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PTI not for governor’s rule but it does seek constitutional change: Imran Ismail

Updated July 21, 2019

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GOVERNOR Imran Ismail speaks to the media at the residence of Ayaz Latif Palijo (extreme right) in Hyderabad on Saturday.—Dawn
GOVERNOR Imran Ismail speaks to the media at the residence of Ayaz Latif Palijo (extreme right) in Hyderabad on Saturday.—Dawn

HYDERABAD: Sindh Governor Imran Ismail has categorically ruled out imposition of governor’s rule in Sindh and said that the prime minister too has clarified that Pakistan Tehreek-i-Insaf is not for governor’s rule but it does seek constitutional change which is a political option available to all provinces.

He said while talking to journalists at the residence of Qaumi Awami Tehreek president Ayaz Latif Palijo who hosted a lunch in his honour here on Saturday that at present constitutional change was being sought in Senate.

He said that doors for talks between federal and provincial governments should never be closed. He could talk to chief minister over all issues concerning Sindh.

He said the federal government was committed to Sindh’s progress and that was why it had included Rs42.8 billion worth projects in public sector development programme (PSDP) 2019-20.

He said the federal government would do everything it could for the welfare of people of Sindh and referred to federal assistance in addressing the AIDS outbreak. The federal government had coordinated with WHO team and provided kits for screening blood for HIV. It was again federal government which ensured that aerial spray was carried out to check locusts’ attack in Sindh, he said.

The governor said that he pleaded Sindh’s case before the prime minister and made sure the province received its share of water from Indus River System Authority. Water flows were available in the river but they were not reaching areas like Badin and Thatta, damaging crops and fish farming and depleting drinking water resources for humans and animals alike, he said.

“I can talk to Sindh chief minister [about] whether any provincial government officer is involved in the water shortage or it is being done [deliberately] at the behest of someone. If it is so then it must stop,” he said.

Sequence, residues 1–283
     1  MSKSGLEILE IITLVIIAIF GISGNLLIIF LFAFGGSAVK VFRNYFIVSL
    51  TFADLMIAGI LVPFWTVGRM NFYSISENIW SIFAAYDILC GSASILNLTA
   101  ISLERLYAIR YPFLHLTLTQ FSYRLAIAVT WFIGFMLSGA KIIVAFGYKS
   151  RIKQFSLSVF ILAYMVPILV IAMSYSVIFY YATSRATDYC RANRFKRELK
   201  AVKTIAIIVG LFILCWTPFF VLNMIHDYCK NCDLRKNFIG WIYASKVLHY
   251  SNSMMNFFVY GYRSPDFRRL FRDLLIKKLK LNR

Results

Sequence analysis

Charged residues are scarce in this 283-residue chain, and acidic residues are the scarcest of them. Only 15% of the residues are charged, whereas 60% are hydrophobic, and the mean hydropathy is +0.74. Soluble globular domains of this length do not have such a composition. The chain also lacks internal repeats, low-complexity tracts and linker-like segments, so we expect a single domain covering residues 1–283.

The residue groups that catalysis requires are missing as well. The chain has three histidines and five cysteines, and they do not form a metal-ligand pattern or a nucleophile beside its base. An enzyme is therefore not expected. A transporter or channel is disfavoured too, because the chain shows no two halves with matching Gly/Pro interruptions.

He expressed concern over growing cases of criminal assault on children and offered federal government’s help through Federal Investigation Agency. “Doors for talks must remain open for resolving people’s issues,” he said.

He said the prime minister was keen to address Sindh’s issues without any discrimination, especially the problems of areas other than Karachi. Sindh contributed 67pc gas to total gas production of Pakistan and the share in gas production from Ghotki was substantial. Still, if the province had to bear gas loadshedding then it was unfair, he said.

He said that there should not be hurdles to projects to be executed in Sindh either by federal or provincial government.

He disclosed the federal government had allocated Rs42.5bn for various development packages and works announced by the prime minister during his visits. In addition, he said, block allocation of Rs5bn had been made, totalling Rs42.7bn, in PSDP. These funds included PM’s Karachi package, he said.

The governor said that federal government had signed an agreement with Malik Riaz to take over his private sector university in Hyderabad and funds were being allocated for the purpose.

He said that PTI had only been in power for 10 months and it would be unfair if people expected it to account for 70 years of bad governance. Pakistan was currently undergoing a change and it was bound to face crisis of economy.

He said that people lacked will to pay taxes. If business community and traders were unwilling to pay taxes then the government would have to approach international lending agencies for more loans and get further mired in debts, he said.

He said that traders had started coming forward to pay taxes but the pace was not encouraging. Now that people knew that an honest man was at the helm of affairs they should and would pay taxes.

Earlier, he said, people knew rulers were raising empires abroad. Accoun­ta­bility was under way through National Accountability Bureau which was an independent institution. All cases against politicians were instituted in past governments but previously governments tried to control the anti-graft watchdog, he said, adding that process of accountability was slower but any achievement in accountability or otherwise pertained to NAB.

Earlier, QAT president welcomed the governor and said that he had raised Sindh’s burning issues with Mr Ismail. Sindh government had failed in handling AIDS, hence the federal government should play its role.

Mr Palijo said that illegal immigrants should be repatriated and water should be provided to Badin and Thatta districts because Sindh government remained oblivious to peoples’ issues. PTI should be asked to account for its performance of 10 months but PPP should also give account for its 23-years rule in Sindh since 1970s, he said.

The governor spent an hour with Mr Palijo and discussed various issues raised by QAT chief. PTI MPA Jamal Siddiqui, Ali Junejo, Dr Mustansir Billah and others were also present during the meeting.

Published in Dawn, July 21st, 2019